We agreed that we would begin work with the existing gas discharge installation which I had already worked with. Devices for measuring radiation were found in other laboratories of the institute. A week later, we had measurement systems with gas-discharge – helium-3 sensors for neutrons detecting, radiometers with ZnS scintillators calibrated using a Pu-Be neutron source, and recording devices and oscilloscopes that made it possible to distinguish neutron signals from other pulses.

The first series of experiments on palladium was successful. We registered neutrons. It was very exciting. We could not sleep at night. Experiments on other materials (Mo, stainless steel ..) gave the smaller quantitative effect. It was understandable, because a smaller amount of deuterium could be absorbed under the same conditions. The qualitative picture was repeated when we changed the material of sample – the object of irradiation by deuterium.

Graphic: Hal Fox’s news service Fusion Facts named Yan Kucherov, Alexander Karabu and Irina Savvatimova Fusion Scientists of the Year 1992.

The head of my laboratory, Babad-Zakhryapin, reported on the first positive results of the experiments at the scientific council of the Institute a couple of weeks after the start of the experiments. A couple of months later, we tried to publish an article in the journal Successes of Physical Sciences of the Russian Academy of Sciences.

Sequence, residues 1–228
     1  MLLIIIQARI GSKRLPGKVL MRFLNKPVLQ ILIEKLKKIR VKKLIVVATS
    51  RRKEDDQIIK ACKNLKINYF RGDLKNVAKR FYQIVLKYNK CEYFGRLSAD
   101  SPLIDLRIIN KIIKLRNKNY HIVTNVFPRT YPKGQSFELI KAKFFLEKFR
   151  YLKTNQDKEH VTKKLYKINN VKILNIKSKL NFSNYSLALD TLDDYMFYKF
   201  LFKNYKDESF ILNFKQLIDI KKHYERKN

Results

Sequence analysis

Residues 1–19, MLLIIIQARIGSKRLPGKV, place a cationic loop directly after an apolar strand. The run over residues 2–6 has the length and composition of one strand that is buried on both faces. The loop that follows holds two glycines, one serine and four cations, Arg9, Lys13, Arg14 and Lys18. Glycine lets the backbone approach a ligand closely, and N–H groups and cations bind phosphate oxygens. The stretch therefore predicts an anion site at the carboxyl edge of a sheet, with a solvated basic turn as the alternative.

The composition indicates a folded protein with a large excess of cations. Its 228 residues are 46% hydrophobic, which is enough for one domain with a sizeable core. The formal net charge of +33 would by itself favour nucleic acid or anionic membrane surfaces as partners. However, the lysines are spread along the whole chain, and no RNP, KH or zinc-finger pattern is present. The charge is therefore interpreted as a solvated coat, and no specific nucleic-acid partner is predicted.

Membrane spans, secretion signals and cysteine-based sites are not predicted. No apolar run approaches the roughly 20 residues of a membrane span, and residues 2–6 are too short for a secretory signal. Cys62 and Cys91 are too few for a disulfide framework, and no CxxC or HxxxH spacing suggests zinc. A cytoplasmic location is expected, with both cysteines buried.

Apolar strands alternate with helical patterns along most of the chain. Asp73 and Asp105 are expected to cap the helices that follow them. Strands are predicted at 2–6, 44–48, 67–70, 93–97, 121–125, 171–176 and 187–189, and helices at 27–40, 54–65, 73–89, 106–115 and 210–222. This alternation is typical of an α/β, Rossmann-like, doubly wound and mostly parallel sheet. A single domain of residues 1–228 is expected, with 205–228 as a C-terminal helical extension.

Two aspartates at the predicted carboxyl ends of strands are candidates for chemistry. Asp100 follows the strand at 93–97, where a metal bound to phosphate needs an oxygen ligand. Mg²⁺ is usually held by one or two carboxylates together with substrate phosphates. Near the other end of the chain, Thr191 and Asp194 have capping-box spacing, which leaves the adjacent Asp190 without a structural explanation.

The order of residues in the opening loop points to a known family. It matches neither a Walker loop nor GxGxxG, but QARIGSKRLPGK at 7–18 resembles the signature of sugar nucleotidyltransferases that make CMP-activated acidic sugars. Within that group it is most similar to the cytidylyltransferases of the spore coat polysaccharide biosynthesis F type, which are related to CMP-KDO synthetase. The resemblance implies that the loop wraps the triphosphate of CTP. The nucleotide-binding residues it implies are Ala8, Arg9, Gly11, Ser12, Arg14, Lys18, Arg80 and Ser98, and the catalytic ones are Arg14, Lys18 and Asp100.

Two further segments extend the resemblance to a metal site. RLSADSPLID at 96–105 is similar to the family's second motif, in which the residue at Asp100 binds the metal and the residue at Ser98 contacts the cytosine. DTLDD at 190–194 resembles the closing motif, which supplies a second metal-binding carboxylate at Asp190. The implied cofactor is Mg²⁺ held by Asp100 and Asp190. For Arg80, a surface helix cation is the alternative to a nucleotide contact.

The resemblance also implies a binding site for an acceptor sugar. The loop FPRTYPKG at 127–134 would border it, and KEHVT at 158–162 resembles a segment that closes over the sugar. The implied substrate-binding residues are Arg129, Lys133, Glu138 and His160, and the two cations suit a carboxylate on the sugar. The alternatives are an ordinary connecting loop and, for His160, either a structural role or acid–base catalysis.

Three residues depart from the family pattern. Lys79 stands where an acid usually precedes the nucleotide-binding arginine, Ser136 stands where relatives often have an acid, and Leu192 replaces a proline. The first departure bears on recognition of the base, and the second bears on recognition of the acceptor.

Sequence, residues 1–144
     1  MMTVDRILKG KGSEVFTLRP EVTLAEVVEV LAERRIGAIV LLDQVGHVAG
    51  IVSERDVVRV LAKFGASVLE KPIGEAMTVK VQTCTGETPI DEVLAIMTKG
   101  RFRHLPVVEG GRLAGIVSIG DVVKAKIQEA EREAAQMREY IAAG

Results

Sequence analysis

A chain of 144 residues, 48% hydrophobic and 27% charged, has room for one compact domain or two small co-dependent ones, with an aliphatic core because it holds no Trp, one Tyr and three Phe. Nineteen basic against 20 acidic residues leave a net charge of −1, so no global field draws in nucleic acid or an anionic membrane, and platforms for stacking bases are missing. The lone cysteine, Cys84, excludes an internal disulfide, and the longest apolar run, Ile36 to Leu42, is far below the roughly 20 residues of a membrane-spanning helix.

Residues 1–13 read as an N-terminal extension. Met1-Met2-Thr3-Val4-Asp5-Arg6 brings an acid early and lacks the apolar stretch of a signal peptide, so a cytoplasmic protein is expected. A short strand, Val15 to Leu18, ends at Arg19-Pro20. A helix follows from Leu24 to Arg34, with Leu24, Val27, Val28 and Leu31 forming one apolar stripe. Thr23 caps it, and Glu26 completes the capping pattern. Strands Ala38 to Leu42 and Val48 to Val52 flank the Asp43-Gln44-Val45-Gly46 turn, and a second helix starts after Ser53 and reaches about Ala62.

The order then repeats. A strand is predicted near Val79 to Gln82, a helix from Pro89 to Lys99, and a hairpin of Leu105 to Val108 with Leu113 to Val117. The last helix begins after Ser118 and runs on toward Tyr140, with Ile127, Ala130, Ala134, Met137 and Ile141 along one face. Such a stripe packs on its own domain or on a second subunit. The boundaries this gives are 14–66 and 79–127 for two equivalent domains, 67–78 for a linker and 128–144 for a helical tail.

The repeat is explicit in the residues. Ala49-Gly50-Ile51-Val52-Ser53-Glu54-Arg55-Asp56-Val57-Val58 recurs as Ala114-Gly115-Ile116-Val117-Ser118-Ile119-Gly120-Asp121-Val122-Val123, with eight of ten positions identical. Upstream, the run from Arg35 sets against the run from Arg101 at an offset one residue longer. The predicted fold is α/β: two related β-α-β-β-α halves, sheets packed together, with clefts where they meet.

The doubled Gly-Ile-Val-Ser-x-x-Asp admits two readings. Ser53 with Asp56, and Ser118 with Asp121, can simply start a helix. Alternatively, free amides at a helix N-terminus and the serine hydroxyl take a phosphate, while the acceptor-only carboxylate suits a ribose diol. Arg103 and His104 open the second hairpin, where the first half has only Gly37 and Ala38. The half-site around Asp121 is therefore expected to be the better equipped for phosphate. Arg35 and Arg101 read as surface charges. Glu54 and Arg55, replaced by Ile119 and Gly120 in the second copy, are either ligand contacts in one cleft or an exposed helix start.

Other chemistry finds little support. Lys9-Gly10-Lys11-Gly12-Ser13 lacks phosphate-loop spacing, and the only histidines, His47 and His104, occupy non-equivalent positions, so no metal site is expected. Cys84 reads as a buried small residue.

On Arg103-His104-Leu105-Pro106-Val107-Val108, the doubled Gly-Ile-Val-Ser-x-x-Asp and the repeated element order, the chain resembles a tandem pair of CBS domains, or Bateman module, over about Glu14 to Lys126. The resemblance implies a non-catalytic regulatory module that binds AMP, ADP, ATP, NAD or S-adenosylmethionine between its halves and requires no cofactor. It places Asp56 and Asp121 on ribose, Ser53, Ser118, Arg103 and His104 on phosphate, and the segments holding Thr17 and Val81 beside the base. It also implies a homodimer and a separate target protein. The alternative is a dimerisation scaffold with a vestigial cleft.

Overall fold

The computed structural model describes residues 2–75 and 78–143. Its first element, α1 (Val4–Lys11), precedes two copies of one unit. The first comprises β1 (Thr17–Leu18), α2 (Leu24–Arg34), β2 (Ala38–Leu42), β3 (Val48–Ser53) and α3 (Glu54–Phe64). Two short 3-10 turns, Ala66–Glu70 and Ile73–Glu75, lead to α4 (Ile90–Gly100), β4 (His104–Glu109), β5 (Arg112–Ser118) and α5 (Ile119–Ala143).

Further experiments have deepened research on the measurement of radiation by all methods available to us.

Later we learned that many groups in Russia began trying to conduct experiments on Cold Fusion, using their own techniques and/or improving electrolysis, for example, and subsequently applying plasma electrolysis.

For example, a group led by Academician B.B. Deryagin recorded neutrons during the splitting of heavy water ice back in 1986. Andrey Lipson worked with B.B. Deryagin, and later, he continued this research in CF field.

Another very vivid example is Academician A.N. Baraboshkin. Official science took a very wary direction of Cold Fusion, but A.N. Baraboshkin ventured to fund a Cold Fusion project from the funds of the Electrochemistry Division of the Russian Academy of Sciences and tried to unite several groups of researchers from different institutions, among them was our group. Funding was very modest, but the fact that the Academy of Sciences supported our research helped us.